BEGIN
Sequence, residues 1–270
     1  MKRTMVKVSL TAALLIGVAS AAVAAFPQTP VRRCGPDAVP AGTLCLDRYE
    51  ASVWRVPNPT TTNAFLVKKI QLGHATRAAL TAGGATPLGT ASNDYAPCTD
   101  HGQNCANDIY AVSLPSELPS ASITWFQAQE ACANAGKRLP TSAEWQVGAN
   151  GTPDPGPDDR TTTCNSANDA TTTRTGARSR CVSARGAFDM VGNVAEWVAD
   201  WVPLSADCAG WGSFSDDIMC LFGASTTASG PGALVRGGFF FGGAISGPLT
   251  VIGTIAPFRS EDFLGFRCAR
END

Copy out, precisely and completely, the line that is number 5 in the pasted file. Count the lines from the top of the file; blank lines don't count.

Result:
   151  GTPDPGPDDR TTTCNSANDA TTTRTGARSR CVSARGAFDM VGNVAEWVAD